Long term care insurance


Q. My husband and I signed up for the FLTCIP package a little over 10 years ago and are now in our early 70s.  I’ve set money aside from my inheritance to pay for the premiums, as they would be unaffordable otherwise.  The money I set aside should have been enough to cover 30 years of premiums, but if we can continue to expect huge premium increases every seven years, I will run out of money before I really need the coverage.  Please steer us to resources that can help us make the right decision; i.e., whether to keep one or both policies or drop them now while we still have money left that could be used to self-fund our care until we run out.  We are in the middle–not poor and far from wealthy–and both in relatively good health.  In order to avoid the previous increase, I transferred to the new plan and cut our coverages from five to three years.  Due to the unpredictability of the future, I am trying to make a decision to keep only one of our policies or drop both of them now. The longer we hang on, the more money we will lose.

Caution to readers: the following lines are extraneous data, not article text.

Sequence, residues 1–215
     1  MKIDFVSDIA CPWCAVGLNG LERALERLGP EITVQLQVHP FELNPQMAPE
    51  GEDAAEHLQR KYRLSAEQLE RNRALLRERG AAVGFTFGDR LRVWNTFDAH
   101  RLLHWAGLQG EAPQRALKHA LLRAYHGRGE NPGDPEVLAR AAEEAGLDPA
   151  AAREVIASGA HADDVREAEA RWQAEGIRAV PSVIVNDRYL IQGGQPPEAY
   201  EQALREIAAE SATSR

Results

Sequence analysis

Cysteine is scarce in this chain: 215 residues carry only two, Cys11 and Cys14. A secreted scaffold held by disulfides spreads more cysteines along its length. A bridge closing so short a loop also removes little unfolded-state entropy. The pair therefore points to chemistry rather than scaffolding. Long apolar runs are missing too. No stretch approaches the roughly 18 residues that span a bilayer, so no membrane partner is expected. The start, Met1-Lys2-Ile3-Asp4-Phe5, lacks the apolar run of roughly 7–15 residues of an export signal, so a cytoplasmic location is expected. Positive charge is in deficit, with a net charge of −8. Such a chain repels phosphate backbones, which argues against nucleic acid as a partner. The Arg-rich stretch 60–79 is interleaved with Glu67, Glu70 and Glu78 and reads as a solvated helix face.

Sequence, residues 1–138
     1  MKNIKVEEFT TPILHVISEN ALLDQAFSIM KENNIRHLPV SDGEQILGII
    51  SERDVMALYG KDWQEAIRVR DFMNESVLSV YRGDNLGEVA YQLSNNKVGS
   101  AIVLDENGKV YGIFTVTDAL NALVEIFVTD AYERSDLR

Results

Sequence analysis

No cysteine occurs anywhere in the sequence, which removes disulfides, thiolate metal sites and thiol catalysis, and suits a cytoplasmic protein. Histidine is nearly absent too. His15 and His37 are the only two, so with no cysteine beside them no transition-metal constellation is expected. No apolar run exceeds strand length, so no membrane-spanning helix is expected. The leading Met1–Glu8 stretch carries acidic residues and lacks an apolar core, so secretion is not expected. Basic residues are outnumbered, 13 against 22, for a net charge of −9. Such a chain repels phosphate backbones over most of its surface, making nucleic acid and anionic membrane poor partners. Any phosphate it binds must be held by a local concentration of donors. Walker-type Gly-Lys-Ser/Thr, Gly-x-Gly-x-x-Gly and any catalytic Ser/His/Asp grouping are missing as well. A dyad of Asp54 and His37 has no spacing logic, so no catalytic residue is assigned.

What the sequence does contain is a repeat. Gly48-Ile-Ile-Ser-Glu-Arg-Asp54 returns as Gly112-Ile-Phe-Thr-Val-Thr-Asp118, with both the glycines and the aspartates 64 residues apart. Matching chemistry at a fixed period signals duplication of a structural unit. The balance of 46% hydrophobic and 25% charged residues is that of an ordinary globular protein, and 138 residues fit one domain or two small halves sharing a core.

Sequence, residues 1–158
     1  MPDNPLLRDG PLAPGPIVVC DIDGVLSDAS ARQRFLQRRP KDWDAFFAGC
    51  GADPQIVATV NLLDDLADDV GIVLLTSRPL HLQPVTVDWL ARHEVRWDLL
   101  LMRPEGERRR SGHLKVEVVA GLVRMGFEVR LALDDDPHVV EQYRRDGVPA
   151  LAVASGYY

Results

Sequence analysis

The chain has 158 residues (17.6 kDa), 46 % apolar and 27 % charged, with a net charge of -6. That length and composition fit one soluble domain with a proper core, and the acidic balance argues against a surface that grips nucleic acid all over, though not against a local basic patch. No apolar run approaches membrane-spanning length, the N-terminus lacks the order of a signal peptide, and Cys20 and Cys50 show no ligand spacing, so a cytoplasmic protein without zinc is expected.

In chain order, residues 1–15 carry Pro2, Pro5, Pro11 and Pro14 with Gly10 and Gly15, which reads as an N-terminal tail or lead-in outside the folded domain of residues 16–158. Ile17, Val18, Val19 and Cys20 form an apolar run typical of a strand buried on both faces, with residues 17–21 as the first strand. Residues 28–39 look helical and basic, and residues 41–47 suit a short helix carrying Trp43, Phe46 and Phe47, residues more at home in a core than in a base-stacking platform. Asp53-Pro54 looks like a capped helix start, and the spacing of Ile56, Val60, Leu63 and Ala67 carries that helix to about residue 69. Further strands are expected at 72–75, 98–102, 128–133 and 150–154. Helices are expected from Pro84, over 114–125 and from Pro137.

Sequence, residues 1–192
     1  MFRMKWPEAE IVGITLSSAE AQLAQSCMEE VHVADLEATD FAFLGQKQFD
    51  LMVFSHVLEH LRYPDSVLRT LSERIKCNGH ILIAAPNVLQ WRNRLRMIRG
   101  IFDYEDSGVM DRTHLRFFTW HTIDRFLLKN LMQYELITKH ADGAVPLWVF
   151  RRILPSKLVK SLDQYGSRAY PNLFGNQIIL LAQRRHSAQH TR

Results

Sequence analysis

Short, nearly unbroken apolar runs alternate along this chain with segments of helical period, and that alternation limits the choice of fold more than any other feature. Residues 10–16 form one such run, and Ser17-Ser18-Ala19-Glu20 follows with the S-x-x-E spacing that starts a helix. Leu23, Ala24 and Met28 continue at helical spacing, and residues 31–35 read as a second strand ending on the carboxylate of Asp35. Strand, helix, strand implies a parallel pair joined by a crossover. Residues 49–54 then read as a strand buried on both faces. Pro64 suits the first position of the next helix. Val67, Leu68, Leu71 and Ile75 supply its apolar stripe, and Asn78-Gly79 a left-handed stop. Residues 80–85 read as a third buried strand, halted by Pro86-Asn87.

A. Insurance is a service, not an investment, and you should expect to “lose money” on it. That said, the jury is still out on the viability, affordability and suitability of long-term care insurance as a risk mitigation tool. It’s impossible to evaluate it reliably since there is no way to know what the costs will be, in advance. As I’ve been saying for years, if it won’t be affordable at twice the price, then you should be reluctant to carry it. That’s as close as I can get to one-size-fits-all advice. The decision about whether, or not, to continue to carry the insurance is complex and must be considered on a case-by-case basis.

In considering how to proceed, you should ignore the money you’ve already paid in premiums. You have no equity in the policy and the past premiums are a “sunk cost.”


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Mike Miles is a Certified Financial Planner licensee and principal adviser for Variplan LLC, an independent fiduciary in Vienna, Virginia. Email your financial questions to fedexperts@federaltimes.com and view his blog at money.federaltimes.com.

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